The Indian Institute of Management Ahmedabad (IIMA), a premier global management Institute, hosted an event to share findings from a study titled ‘The Glass Ceiling: Research Report on Leadership Gender Balance in NSE 200 Companies’ undertaken by Professor Promila Agarwal, Associate Professor, Human Resource Management, IIMA.
The event commenced with opening remarks from Professor Errol D’Souza, Director, IIMA. Professor Promila Agarwal then presented the highlights of the study on the gender balance in NSE 200 companies in India. The event also had industry stalwarts like KV Kamath, Former Chief, New Development Bank of BRICS Countries and Indra Nooyi, Former Chairperson and Chief Executive Officer, PepsiCo who shared their views and recommendations. Arun Duggal, Chairperson ICRA presented some of the recommendations to improve this gender balance.
The study has been undertaken with two key objectives of improving gender balance amongst top management and senior executives in Indian companies as well as helping to accelerate career progression of women in senior management. Speaking on the need for the industry to take a deeper cognisance of the leadership potential of women, Professor Promila Agarwal presented the following findings from her report, which has been put together with data from across 109 NSE 200 companies and involving as many as 4146 senior executives.
- The gender pay gap widens as women advance in their careers. Every step up in responsibility increases the pay gap for women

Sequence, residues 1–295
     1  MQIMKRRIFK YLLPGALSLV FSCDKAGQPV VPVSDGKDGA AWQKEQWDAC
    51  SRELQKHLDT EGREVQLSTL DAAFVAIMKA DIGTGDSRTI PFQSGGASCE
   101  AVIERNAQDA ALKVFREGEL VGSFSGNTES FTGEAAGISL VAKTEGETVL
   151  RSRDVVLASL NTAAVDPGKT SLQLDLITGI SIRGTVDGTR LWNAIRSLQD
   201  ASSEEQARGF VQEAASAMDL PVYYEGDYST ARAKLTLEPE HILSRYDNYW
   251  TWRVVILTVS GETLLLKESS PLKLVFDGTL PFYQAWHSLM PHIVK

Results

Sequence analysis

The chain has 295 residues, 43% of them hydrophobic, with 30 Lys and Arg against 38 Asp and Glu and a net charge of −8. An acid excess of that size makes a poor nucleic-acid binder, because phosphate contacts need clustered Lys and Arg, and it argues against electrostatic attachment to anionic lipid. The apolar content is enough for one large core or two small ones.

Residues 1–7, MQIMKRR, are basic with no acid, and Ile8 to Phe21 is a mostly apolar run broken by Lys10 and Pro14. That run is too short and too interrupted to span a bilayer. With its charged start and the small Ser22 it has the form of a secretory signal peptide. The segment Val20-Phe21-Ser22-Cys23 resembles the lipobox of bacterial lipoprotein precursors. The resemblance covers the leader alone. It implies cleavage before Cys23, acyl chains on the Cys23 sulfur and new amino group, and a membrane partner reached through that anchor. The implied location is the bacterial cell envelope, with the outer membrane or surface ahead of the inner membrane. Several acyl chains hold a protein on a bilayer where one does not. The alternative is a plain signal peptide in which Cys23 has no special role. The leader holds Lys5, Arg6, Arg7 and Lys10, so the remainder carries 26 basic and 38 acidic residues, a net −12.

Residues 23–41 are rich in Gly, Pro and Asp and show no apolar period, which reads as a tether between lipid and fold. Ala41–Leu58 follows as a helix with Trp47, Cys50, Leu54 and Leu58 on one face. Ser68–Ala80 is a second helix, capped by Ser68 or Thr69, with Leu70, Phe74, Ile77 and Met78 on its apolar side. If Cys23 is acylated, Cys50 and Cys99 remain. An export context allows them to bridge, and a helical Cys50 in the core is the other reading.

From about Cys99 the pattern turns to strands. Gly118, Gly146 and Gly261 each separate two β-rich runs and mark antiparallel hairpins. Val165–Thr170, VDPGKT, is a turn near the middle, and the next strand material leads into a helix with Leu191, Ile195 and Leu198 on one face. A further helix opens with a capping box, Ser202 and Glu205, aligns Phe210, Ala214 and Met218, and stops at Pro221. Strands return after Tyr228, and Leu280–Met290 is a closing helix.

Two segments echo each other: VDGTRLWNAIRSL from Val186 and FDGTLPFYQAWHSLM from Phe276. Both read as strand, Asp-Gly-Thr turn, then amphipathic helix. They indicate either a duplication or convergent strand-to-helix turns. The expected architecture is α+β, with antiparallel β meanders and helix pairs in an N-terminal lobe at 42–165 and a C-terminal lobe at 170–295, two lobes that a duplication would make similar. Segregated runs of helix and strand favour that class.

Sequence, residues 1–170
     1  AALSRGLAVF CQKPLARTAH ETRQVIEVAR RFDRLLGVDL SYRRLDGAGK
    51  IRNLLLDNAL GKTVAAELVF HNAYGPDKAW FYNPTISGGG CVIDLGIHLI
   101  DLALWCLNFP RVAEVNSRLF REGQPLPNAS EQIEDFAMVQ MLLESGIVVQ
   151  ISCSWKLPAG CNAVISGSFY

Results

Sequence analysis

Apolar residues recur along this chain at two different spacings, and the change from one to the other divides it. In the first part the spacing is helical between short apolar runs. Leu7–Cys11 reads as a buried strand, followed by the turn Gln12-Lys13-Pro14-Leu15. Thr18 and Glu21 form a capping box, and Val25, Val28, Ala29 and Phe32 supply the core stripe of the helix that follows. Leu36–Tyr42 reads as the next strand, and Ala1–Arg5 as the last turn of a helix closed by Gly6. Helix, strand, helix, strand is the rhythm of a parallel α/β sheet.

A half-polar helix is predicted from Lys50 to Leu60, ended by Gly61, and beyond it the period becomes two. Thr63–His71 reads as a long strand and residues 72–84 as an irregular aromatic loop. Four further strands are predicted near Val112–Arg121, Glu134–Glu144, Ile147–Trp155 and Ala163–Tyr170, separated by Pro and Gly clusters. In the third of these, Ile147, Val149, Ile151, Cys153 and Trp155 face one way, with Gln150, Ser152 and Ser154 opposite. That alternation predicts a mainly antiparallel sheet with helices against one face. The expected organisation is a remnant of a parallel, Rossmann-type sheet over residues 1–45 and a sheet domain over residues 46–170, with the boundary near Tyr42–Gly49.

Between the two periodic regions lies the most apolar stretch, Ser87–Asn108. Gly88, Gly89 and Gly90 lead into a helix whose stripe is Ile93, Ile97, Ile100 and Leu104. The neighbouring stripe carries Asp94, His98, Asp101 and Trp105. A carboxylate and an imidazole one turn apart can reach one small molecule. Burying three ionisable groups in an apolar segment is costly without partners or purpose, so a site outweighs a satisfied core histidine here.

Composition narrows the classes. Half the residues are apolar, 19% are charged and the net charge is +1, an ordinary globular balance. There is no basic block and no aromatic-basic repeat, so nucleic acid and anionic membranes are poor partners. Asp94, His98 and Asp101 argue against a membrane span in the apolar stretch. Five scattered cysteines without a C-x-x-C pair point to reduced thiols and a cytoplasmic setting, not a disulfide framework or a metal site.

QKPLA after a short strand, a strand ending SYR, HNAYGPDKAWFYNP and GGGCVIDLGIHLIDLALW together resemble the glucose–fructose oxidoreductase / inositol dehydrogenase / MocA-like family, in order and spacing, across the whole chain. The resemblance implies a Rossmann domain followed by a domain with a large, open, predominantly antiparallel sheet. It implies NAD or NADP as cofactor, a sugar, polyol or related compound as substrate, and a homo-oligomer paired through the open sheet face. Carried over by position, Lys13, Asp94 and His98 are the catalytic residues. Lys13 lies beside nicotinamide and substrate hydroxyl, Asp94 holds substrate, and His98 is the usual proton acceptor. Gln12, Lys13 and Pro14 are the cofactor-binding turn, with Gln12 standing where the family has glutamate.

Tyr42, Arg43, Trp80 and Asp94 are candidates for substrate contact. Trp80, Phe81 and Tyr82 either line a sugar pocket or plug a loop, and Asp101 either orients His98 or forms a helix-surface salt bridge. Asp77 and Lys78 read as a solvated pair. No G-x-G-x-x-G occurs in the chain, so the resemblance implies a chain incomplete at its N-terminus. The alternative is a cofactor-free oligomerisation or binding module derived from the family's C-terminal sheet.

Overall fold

- The percentage of women in top management and senior executive positions is significantly lower than the percentage of women on the board of directors
- On an average, women senior executives earn INR 85 for every INR 100 that men senior executives earn
- Average compensation paid to women senior executives is INR 1.91 crore and average compensation paid to men senior executives is INR 2.24 crore
- Major companies that have high women in top management roles include HUL, Kotak Mahindra Bank, HDFC Bank, ICICI Bank, L&T Infotech
- An increase in the percentage of women at the board has not yet resulted in a significant increase in the percentage of women at the top management level.
KV Kamath, Former Chief, New Development Bank of BRICS Countries said, “There are internal and external challenges and all of them come through two key things – biases and male assumptions or family stereotyping.” He added that organisations could achieve gender balance by removing existing biases around merit-based opportunities, roles that women can play in an organisation, equal pay, merit-based evaluation, etc.
In a fireside chat with students from IIMA, Indra Nooyi, Former PepsiCo CEO said it is important that companies revisit their approach towards women leaders. To ensure that women function at par with men, companies should take an ‘all talent on equal pay’ approach.
She suggested that organisations could achieve this by taking measures to put in place a critical mass of women leaders who could set the precedent and inspire other women. “Another most important thing is that men in power have to be educated. Men in society have to be educated not to discriminate against women,” she added.
Presenting his recommendations for achieving greater gender balance in workplaces, Arun Duggal said that gender balance improvement is achievable by differentiated and measurable steps. Some of the recommendations were:
- Governance measures like linking senior management performance evaluation with gender balance improvement
- Establishing clear diversity goals as part of company targets
- Detailed diversity action plans that include setting up committees, training and increasing the numbers during recruitment processes
The event was organised under the aegis of the Arun Duggal ESG Centre for Research and Innovation, which was recently launched by the Institute.Campus, News